Author: Katherine Fajen, Project Manager
I am a lover of many things, but I am particularly a lover of beautiful type. I always have been. Typography conveys so much more than words to the viewer. It is one of the most important parts of a design for both print and digital work.
In the past, we were limited to a small list of fonts for digital use:
These fonts did not allow for a lot of typographical creativity. With modern standards, we are able to bring good design, content and accessibility together. Now fonts are being licensed and used on the Web through foundries.
What Is A Type Foundry?
A type foundry is a company that designs or distributes typefaces. The fonts are created by type designers, who can be freelancers working for their own independent foundry or they could be employed by another foundry. The foundries own the rights to the fonts.
You can purchase fonts directly from the foundry or you can buy them from a distributor. Type distributors work in the same way; they acquire licenses with the foundries. Adobe Typekit, My Fonts and Fonts.com are a few of the type distributors.
For a moment, think of fonts as photography. You can purchase a photo directly from the photographer or you could go to Getty Images, for example, and purchase the photo there. Getty Images did not take the photo, but it is reselling it on behalf of the photographer.
So, you want to purchase a font and use it in a project? Font licensing can be really confusing; let’s see if we can make some sense of it.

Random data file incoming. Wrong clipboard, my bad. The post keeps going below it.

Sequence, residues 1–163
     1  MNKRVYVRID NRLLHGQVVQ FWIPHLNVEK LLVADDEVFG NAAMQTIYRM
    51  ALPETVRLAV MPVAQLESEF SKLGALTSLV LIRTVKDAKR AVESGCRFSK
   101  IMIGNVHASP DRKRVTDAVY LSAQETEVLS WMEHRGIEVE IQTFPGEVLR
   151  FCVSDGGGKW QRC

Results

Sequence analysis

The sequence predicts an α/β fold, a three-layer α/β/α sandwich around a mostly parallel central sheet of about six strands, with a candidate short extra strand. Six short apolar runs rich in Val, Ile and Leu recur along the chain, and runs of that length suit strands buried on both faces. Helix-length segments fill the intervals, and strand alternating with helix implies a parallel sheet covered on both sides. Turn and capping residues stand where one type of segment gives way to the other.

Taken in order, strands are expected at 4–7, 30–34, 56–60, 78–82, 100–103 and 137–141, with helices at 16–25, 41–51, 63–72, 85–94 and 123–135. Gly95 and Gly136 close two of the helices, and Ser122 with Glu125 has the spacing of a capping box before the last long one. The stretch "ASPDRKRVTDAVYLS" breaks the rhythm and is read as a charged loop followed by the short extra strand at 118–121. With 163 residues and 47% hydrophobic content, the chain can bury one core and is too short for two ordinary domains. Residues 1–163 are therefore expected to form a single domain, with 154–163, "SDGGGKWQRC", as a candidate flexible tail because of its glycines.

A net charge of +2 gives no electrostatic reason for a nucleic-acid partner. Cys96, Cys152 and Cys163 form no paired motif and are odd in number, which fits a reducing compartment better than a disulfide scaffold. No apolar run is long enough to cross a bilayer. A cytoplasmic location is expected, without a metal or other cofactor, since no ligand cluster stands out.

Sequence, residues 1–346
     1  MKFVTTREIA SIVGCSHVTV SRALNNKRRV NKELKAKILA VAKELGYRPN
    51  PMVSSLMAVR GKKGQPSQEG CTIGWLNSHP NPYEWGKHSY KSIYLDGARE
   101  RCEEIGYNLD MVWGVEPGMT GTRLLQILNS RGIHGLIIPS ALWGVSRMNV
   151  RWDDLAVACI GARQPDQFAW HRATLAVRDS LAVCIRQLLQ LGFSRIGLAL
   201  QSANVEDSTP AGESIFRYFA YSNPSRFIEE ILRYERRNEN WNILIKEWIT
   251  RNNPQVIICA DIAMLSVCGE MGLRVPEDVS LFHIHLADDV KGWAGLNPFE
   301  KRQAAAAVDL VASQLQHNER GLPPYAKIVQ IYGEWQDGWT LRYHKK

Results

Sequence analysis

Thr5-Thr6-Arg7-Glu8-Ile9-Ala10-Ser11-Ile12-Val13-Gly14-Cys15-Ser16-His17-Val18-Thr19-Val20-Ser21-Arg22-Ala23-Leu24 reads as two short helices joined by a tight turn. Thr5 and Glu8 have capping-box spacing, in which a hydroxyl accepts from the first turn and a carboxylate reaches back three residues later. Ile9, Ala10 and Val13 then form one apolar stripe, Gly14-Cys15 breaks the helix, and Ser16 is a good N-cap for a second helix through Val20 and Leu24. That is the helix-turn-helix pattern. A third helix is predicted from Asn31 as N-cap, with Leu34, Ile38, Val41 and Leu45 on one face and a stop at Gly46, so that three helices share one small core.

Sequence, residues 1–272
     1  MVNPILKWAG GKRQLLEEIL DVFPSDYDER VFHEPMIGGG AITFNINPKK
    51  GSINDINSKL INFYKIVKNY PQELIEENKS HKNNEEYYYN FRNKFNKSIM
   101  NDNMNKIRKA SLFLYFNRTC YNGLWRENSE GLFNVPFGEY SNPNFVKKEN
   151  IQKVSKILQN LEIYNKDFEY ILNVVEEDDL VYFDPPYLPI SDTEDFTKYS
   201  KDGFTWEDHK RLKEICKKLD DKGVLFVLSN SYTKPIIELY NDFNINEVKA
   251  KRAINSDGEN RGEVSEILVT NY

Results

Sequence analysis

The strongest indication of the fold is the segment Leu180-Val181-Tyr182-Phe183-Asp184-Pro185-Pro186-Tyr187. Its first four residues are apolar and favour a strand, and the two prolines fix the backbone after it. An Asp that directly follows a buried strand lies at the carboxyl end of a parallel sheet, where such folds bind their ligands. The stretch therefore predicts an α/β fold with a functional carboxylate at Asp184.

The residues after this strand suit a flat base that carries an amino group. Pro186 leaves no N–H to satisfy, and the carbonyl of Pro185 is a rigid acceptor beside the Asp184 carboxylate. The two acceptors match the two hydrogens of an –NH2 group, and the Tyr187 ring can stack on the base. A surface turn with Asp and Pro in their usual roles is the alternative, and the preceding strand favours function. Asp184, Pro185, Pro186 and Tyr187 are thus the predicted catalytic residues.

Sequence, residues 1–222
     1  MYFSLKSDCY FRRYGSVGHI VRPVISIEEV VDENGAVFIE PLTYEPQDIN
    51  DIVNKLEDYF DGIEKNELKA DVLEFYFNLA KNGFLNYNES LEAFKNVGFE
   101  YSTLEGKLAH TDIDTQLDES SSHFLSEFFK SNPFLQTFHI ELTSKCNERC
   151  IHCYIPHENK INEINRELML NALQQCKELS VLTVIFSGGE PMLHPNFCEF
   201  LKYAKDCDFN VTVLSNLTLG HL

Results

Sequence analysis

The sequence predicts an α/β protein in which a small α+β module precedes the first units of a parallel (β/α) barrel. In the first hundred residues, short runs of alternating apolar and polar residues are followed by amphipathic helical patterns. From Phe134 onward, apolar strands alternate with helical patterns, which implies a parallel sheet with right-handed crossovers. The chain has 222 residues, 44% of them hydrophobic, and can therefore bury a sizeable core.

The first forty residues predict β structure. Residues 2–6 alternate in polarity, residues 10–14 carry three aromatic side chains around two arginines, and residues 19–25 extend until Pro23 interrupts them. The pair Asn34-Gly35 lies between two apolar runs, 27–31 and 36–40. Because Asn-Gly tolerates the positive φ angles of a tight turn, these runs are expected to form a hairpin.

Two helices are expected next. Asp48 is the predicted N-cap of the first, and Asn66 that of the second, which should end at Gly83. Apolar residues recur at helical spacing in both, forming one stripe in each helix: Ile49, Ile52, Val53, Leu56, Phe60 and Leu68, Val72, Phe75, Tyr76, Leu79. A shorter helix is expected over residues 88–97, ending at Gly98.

Going back to my reference of purchasing images through Getty, fonts function similarly as far as licensing goes. Whenever a font is purchased, an End User License Agreement (EULA) is included. You will want to review this to make sure it permits you to use the font in the way you intend. Some fonts are intended to be used only on the machine with the license, while other fonts can be used on public websites. That is why it is important to review the EULA and ensure you are not violating the license.
With web font licenses, the name on the license must be the owner of the domain name, effectively meaning that you can’t share your license among multiple entities in the way you might have for print projects. One exception is the possibility of an agency buying the license for use while working on a project and then transferring the license to the domain owner once the project is complete.
Web font prices are typically based on the number of page views. Every time a page on your website that uses a web font is viewed, it is recorded as a single page view.
What are the common questions and misconceptions about web fonts and licensing?
- There is no difference between a font and a web font.
False. A font is installed on your personal computer, but a web font is one that can be served on the Internet.
- Any font can be used as a web font.
This is not necessarily true. Sometimes the EULA would specifically state that the font should not be used on the Web. If this is the case, you can usually find a web font that is similar.
- Every font that looks good in print will look good on the Internet.
This is also untrue. Many times when a beautiful print font is rendered in pixels, the designer may find that it does not translate to the Web. The font may be too narrow or confusing. It is important to keep in mind that because of different rendering methods on browsers, fonts can also differ slightly from browser to browser. Screen resolution, aspect ratio and device (desktop vs. tablet vs. smartphone) are among the many other variables that can affect how a font is rendered on-screen.
- Do web font licenses cover all devices?
Making sense of the world of web fonts can be confusing, but it is certainly worth it since they offer so much more variety than the web-safe fonts of the past. The Internet is becoming a much prettier place thanks to the technology behind web fonts. Web designers are finally able to be as creative as print designers while still maintaining a high level of usability.